I am not sure if Egypt is the land of milk and honey, but one thing is for sure, it is the land of fruits. I particularly like this time of year. Fruit shops and street vendors sell huge watermelons. They are blood red and as sweet as one’s taste buds can handle. There are rock melons and apricots, prunes, bananas and crunchy apples on every corner and every supermarket. Not to forget the ever so sweet red and green grapes.
Istanbul is the only city in the world that stands in two different continents, Europe and Asia. Most people think of it as an Asian city but actually the historic center is on the European part of town. The Bosphorus River divides the two continents and joins the Black Sea with the Sea of Marmara.
A trumpet strikes a triumphant note and two dozen stony-faced soldiers, dressed in red tunics and armed to the teeth, come marching toward us, breastplates glinting under the fierce Jordanian sun. A nasal voice rings out across the arena: “The year is 130 AD…” At least, for the next 45 minutes it is.
The city was referred to as "Hüdavendigar" (meaning "God's Gift") during the Ottoman period, while a more recent nickname is "Yeşil Bursa" (meaning "Green Bursa") in reference to the parks and gardens located across its urban tissue, as well as to the vast forests in rich variety that extend in the surrounding region. The city is synonymous with Mount Uludağ which towers behind its core and which is also a famous ski resort. The mausoleums of early the Ottoman sultans are located in Bursa and the numerous edifices built throughout the Ottoman period constitute the city's main landmarks. The surrounding fertile plain, its thermal baths, several interesting museums, notably a rich museum of archaeology, and a rather orderly urban growth are further principal elements that complete Bursa's overall picture.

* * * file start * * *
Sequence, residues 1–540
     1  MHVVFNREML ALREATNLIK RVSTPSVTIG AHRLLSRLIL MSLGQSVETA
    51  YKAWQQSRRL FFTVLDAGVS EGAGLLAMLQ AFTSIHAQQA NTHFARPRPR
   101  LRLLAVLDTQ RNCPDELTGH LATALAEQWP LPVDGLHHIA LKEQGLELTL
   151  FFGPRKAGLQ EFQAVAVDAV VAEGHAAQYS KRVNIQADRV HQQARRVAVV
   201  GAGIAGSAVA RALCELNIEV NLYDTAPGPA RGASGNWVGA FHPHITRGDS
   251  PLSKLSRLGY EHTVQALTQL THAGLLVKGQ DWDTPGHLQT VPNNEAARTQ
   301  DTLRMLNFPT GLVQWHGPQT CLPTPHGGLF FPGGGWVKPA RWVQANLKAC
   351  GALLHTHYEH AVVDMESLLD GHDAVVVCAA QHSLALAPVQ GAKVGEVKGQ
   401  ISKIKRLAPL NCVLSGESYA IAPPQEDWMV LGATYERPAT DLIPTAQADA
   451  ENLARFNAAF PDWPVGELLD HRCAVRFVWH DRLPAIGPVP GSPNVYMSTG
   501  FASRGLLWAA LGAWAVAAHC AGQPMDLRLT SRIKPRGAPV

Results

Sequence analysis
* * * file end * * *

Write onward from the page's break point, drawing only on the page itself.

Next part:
Extensive use of stone—here and there carved to resemble wood, reeds, or other softer materials—made the tomb more durable than its mud-brick forebears. Such pioneering techniques led many ancient historians to credit the chief architect, Imhotep, with inventing stone architecture. Imhotep, architect of the Step Pyramid, physician, priest, and founder of a cult of healing—was deified 1,400 years after his lifetime.
Wherever you choose to spend a holiday in Turkey you will undoubtedly find sights of historical interest, but there are certain towns, regions and even specific sites that make particularly ideal holiday destinations for those with a passion for history. Here is a rundown of the best five…
It is the only tomb of a woman not related to the ancient Egyptian royal families ever found in the Valley of the Kings, said Mansour Boraiq, the top government official for the Antiquities’ Ministry in the city of Luxor.
Thanks to its unique elements of nature, life and quality of life at the Living Dead Sea are unlike any other place in the world. People of all countries and of all wakes of society make frequent "health and well being pilgrimages" to this region. The climate and the mineral qualities are major features in the variety of its therapeutic qualities, of its beauty treatments and of the menu of bodily pleasures to choose from.
The oldest continuously inhabited city in the world is Jericho. This territory belongs to the ancient city of Palestine, was built on the Jordan River and 9,000 years before Christ. In addition to being the oldest, Jericho is the lowest city in the world as it is situated at an altitude of 258 m below sea level.
Petra is a site in the Arabah, Jordan that was discovered by a Swiss explorer called Johann Ludwig Burckhardt in 1812 and is considered to be, yet another splendid beauty in the history of mankind. Arabah is a section of the Great Rift Valley and it is located between the Dead Sea (north) and the Gulf of Aqaba (south) forming part of the border between Jordan (east) and Israel (west).